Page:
Friday, December 19, 2008

The Mustard Seed

On my movie grind yesterday. "The Wrestler" was predictably dope. Go see the first half of "Che". Who needs Jesus? Tonight I'm going to see Allah at what will be the last Hip Hop show ever at the Knitting Factory before they move to Brooklyn. Truth be told I'm amped for Black Thought's solo set. Keith Murray? Blunted, hyper articulate vocab rap, live? Not so much. Snowing like a bitch out here. After the awful, Coogi and khaki white collar crowd at the Slick Rick show two weeks ago I'm looking forward to a night of ACGs and North Face's. Put something in the air bitches. Happy Holidays.

Saturday, December 13, 2008

Saturday Morning

Got tomorrow off to go watch the Jets piss away another promising season, so I'm moving this post up a day. Energy is high, life is good, why not vintage Alchemist and Prodigy? Listening to this song, I'm convinced "Threats" off the Black Album was a sublim making fun of P. Get home soon dunny.

Wednesday, December 10, 2008

The War Within

This was the first time I really sat up and took Kanye seriously. Before that he'd been a B-list Roc producer who took a fairly straight forward approach to his soul beats and sounded like a fat tongued retard on the grainy random freestyles you'd come across at the back of mixtapes. Then Talib taught him how to rap on the Sprite Liquid Mix Tour. Here's Kanye in his essence, the brashness, the brilliance, the intense self awareness and unapologetic contradictions. I'm a fan of the new album but I have to say I miss the old Kanye. Back then he didn't take his issues quite so seriously, and had the ability to laugh at his own preposterous behavior, which made his continuous outbursts all the more interesting. Is it real? A performance? A joke? Maybe a little of all three? It seems he was happiest back when he walked around with a chip on his shoulder, and he was the only person who knew how big he'd become.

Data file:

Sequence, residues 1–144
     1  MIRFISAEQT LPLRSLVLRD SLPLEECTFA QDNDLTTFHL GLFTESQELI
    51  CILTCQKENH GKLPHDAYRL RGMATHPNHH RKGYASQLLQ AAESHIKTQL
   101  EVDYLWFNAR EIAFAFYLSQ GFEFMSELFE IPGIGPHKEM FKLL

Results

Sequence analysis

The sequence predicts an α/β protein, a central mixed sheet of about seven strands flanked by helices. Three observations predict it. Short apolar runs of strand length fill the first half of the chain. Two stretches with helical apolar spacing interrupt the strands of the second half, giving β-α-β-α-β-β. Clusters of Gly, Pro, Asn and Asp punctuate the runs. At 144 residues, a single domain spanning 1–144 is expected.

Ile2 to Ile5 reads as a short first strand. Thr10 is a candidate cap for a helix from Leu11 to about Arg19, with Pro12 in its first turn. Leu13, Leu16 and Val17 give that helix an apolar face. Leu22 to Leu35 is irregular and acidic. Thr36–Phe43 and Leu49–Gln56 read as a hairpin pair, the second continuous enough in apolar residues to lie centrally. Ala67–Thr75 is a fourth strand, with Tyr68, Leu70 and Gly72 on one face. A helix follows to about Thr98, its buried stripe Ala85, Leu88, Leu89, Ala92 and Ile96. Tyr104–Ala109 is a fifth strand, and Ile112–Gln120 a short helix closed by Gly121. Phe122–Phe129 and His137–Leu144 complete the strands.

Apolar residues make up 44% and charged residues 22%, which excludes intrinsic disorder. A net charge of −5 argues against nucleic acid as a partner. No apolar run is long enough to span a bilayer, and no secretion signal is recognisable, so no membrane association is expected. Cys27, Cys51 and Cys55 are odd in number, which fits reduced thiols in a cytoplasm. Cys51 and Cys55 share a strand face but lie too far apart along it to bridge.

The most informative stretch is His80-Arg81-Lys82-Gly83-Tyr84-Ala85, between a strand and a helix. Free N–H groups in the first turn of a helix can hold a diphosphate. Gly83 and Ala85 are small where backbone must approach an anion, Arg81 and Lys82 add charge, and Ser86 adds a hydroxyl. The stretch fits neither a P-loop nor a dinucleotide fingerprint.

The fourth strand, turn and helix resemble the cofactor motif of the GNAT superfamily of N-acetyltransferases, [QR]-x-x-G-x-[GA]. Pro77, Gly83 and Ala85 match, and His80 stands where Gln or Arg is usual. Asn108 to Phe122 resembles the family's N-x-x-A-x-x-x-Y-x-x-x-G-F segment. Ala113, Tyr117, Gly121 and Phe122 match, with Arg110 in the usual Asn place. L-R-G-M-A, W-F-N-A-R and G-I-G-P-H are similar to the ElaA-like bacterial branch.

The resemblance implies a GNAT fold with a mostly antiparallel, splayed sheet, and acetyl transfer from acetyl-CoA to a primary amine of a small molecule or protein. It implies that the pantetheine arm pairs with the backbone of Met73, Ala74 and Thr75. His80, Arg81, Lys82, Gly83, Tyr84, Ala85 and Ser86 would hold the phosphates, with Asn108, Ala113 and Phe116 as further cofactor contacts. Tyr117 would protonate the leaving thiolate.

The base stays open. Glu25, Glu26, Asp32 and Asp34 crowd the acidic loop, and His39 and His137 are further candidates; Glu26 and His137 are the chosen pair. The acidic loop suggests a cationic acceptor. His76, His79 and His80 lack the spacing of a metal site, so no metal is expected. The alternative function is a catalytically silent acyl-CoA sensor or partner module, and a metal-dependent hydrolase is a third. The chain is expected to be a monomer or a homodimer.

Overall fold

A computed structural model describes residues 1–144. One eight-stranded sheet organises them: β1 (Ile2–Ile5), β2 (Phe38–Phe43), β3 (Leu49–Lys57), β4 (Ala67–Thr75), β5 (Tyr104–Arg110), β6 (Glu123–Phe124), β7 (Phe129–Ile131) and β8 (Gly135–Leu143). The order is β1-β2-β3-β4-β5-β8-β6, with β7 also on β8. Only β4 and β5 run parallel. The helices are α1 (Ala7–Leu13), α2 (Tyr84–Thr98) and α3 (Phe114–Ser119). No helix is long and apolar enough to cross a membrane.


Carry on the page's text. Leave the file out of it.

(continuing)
Sunday, December 7, 2008

Sunday Morning

Winter in New York means Bootcamp. I've always thought "Bucktown" actually sounds like a ride over the Manhattan Bridge on the Q train. I initially sweated Dah Shinin and thought of Enta da stage as a lesser work. This Fall, the more time I spend with Black Moon and the appropriately christened Buckshot, the more I tend to lean towards Enta da Stage as Bootcamp's best album. For those that say Lyricism died this decade, they'd do well to get acquainted with the Crown Heights native who never found an awkward pause he couldn't fill with an exuberant simulation of a gunshot. He very rarely hits a solid punchline and never needs to, Buckshot doesn't ride beats so much as he bends them over the couch and takes them, all in a sing songy cadence that in retrospect sounds downright Southern. Another weird, awesome personal aesthetic brought to life with concrete self confidence. Hip Hop nerdery aside you should be knocking either of these if you live in New York and have to work today, below is a few songs performed at the Knitting Factory show I attended a few weeks back.

Friday, December 5, 2008

The Beginning and End

A belated Happy Birthday to Shawn Carter and Rest In Peace to Chad Butler.

Thursday, December 4, 2008

Respect the Carrier


Before we begin this is required reading. You have to have a subscription to the magazine to read it online but if the synopsis appeals to you I'd definitely recommend picking one up or reading it in a Bodega while getting grilled by an Ahrab.

Now then. “Weed Carrier” is a label most often given negative connotations. It suggests a talentless hanger-on, a faux celebrity we pay attention to for no reason, a bum. However, there have been moments in Hip Hop in which the Weed Carrier has exceeded his humble role on the sideline and grabbed the limelight for a moment, however brief. This post is paying homage to the most memorable of those moments for me. Some are truly great and some are so bad they’re good, enjoy.

Lord Have Mercy- Everybody in the line outside: No that’s not Chali 2na, it’s the shockingly awesome Lord Have Mercy, a guttural MC from Brooklyn who was part of Busta Rhymes’ meh Flipmode collective. LHM was the only member worth mentioning outside Rah Digga (whose Dirty Harriet remains one of the better albums released by a FemC) and he absolutely murders his verse here. Below is a bonus video from a far less interesting Flatbush friend of Busta's.